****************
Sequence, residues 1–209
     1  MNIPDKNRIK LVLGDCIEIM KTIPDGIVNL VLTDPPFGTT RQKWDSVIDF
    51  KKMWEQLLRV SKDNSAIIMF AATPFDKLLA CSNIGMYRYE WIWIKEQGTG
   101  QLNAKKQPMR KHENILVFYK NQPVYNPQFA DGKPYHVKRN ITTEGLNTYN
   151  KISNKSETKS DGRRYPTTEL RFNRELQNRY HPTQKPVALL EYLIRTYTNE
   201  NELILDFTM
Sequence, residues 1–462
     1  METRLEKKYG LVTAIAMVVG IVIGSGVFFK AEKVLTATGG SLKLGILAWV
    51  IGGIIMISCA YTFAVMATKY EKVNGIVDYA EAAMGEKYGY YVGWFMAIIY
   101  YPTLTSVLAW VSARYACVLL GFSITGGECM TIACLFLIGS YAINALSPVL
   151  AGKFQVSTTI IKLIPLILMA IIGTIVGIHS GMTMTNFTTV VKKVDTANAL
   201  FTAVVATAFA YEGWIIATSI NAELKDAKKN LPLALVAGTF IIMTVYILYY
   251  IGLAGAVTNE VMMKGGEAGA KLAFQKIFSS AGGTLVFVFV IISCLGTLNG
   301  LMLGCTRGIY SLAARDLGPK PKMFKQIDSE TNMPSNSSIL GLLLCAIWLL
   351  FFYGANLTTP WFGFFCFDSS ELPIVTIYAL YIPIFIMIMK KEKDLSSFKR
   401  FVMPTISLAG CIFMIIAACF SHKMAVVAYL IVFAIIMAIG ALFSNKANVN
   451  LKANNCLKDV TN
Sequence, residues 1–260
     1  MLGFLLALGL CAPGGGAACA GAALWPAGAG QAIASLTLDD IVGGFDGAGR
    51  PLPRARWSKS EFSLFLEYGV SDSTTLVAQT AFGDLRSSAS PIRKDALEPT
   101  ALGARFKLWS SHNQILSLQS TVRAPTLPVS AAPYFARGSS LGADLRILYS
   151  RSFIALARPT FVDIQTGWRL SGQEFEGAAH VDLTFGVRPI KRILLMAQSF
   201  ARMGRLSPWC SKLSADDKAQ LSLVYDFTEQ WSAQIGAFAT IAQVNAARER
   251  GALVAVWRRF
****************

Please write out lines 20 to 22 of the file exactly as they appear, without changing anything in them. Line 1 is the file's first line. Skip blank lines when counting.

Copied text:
    51  PLPRARWSKS EFSLFLEYGV SDSTTLVAQT AFGDLRSSAS PIRKDALEPT
   101  ALGARFKLWS SHNQILSLQS TVRAPTLPVS AAPYFARGSS LGADLRILYS
   151  RSFIALARPT FVDIQTGWRL SGQEFEGAAH VDLTFGVRPI KRILLMAQSF